"Pay attention to the world." -- Susan Sontag
Not-Quite-Spring Spring Snowflakes (2 of 2)

Not-Quite-Spring Spring Snowflakes (2 of 2)

From “Lovesome Flowers” in The Origins of Garden Plants by John Fisher:

“[Just] as the [sixteenth] century draws to a close we meet with John Gerard, probably the most frequently quoted garden writer of his day. Gerard was born in 1545 and qualified as a Member of the Court of Assistants of Barber-Surgeons in 1595 and as Master in 1608….

“Gerard had his own garden, thought to be in Holborn, and his catalogue of plants, which listed more than a thousand species, many for the first time, is believed to have been based on those growing there at the time, that is, in 1596. The famous Herball or Generall Historie of Plantes was published in the following year….

“The descriptions which it gives of even the most commonplace plants are highly readable, and the style is confidential so that one might imagine that we are strolling alongside John Gerard, dressed for the part, four hundred years ago….

“Part of the attraction of Gerard’s writings lies in the unlooked for names given to familiar plants….
Leucojum vernum, known to botanists as Spring Snowflake, becomes the ‘Early Bulbous Stocke Gilloflower’…. Leucojum aestivum, Summer Snowflake, becomes ‘Early Sommer fooles or Somer Sottekins’.”

From “Of Bulbous Violets” in The Herball, or, Generall Historie of Plantes by John Gerard:

“The first of these bulbous Violets riseth out of the ground, with two small leaves flat and crested, of an overworn green colour, between the which riseth up a small and slender stalk of two hands high; at the top whereof cometh forth of a skinny hood a small white flower of the bigness of a Violet, compact of six leaves, three bigger, and three lesser, tipped at the points with a light green: the smaller are fashioned into the vulgar form of a heart, and prettily edged about with green; the other three leaves are longer, and sharp pointed. The whole flower hangeth down his head, by reason of the weak foot stalk whereon it groweth. The root is small, white, and bulbous.”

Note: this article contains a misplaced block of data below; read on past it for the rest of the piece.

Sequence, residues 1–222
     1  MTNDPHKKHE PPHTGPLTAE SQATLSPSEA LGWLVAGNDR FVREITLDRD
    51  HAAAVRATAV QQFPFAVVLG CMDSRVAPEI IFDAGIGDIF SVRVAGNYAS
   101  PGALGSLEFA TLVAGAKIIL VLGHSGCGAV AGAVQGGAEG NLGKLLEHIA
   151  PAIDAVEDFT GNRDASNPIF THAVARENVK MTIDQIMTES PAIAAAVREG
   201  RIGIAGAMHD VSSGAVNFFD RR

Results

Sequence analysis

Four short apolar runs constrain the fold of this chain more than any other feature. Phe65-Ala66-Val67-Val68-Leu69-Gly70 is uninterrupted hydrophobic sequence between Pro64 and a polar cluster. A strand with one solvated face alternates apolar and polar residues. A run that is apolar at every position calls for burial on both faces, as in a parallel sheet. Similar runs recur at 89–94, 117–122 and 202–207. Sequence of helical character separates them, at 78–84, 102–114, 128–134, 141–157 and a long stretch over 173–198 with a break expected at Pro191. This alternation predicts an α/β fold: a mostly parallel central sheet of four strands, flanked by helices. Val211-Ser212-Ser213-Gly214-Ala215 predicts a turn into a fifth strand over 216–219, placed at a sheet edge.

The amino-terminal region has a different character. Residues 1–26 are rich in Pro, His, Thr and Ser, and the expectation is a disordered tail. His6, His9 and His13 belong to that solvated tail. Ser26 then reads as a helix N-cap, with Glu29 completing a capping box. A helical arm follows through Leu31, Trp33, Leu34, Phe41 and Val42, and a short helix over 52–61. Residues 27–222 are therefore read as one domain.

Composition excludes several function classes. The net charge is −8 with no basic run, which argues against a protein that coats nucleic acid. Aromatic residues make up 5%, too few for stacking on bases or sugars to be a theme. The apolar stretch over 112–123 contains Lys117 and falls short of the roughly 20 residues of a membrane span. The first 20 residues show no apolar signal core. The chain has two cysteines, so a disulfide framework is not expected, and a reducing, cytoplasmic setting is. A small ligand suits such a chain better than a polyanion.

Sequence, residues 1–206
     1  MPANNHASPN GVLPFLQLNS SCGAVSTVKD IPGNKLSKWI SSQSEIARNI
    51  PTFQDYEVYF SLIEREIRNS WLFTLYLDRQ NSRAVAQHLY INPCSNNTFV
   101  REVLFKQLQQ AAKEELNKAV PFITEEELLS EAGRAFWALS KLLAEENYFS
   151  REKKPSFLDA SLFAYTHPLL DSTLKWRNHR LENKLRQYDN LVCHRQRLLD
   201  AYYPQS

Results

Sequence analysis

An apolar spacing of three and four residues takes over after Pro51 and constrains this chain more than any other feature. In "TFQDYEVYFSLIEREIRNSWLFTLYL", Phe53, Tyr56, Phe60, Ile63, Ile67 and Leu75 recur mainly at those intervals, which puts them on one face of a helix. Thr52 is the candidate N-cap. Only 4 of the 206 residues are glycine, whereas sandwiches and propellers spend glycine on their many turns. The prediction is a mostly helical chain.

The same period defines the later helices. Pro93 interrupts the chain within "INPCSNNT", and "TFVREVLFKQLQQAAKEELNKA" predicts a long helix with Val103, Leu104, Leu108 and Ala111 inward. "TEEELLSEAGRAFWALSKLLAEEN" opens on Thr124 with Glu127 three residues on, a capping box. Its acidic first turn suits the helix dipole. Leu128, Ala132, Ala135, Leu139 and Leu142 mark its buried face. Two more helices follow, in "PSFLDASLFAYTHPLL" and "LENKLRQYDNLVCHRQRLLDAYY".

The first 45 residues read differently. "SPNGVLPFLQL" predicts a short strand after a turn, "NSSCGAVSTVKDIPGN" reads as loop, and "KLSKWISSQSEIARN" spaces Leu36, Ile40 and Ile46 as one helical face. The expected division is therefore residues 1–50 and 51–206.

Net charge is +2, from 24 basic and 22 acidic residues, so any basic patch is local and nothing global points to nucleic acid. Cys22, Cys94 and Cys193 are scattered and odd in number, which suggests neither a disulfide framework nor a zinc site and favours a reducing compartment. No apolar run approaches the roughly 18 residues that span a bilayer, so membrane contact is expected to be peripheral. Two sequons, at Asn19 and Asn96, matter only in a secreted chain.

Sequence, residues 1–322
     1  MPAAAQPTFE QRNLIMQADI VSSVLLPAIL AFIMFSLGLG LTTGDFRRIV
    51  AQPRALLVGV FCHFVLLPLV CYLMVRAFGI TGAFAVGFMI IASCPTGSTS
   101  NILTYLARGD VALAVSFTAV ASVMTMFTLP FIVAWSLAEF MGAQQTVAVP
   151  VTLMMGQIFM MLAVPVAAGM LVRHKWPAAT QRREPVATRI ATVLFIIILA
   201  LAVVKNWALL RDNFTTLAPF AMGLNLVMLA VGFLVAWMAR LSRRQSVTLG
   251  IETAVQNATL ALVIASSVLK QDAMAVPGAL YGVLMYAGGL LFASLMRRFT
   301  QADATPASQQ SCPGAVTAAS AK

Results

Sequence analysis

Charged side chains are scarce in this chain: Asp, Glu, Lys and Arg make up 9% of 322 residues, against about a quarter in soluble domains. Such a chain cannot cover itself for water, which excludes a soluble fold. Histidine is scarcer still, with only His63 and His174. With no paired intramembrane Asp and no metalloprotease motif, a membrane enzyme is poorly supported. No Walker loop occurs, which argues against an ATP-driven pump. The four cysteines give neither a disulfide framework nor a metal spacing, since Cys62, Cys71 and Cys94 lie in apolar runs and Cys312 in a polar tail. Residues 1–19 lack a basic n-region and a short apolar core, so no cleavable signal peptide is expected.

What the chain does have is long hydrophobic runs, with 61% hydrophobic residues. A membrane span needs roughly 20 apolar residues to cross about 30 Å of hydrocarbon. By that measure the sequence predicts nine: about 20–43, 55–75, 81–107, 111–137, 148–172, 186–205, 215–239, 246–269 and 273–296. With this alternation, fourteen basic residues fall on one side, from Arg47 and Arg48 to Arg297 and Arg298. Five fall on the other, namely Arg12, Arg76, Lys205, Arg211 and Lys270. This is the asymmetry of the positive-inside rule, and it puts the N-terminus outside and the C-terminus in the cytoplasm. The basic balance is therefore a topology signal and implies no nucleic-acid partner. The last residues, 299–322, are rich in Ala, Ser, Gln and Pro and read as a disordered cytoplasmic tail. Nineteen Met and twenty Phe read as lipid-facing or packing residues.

This is the second of two posts featuring snowflake flowers from Oakland Cemeteries gardens. The first post is Not-Quite-Spring Spring Snowflakes (1 of 2).

I had learned a little about John Gerard’s sixteenth-century book The Herball, or, Generall Historie of Plantes last year, and written about his delightful descriptions of anemone flowers as “winde-floures” (see Anemone, the Winde-Floure (1 of 2)). I hadn’t come across mentions of the book since, until today when I was searching for something to quote about our neighborhood spring snowflakes. The first quotation above was one of the things I found, which explains how Gerard referred to Leucojum vernum as “Early Bulbous Stocke Gilloflower” — the last word also written as “gillofloure” or sometimes as “gillyflower.”

Of course I had to see if I could find these references, which took a little digging because of the variations in wording or spelling among The Herball’s various editions that have been scanned as online books. But I did findeth them after an extended passage of time (!!), discovering a chapter where Gerard groups the snowflake variations, and — with illustrations — appears to include the flower we commonly call snowdrop among his categorization of “bulbous violets.” Here are three of the pages from his “Of Bulbous Violets” chapter, showing his original illustrations of these flowers, followed by the section John Fisher refers to above.

Toward the bottom of the third image you can see the Somer Sottekins, Sommer fooles, and Stocke Gilloflower that Fisher refers to. Just above that, you can also see a very early form of the plant genus Leucojum written as “leuconarcissolirion” — a blend of terms that appears to reflect an even earlier (or perhaps concocted) version of the genus name. Happily we don’t have to call it that anymore!

Thanks for reading and taking a look!

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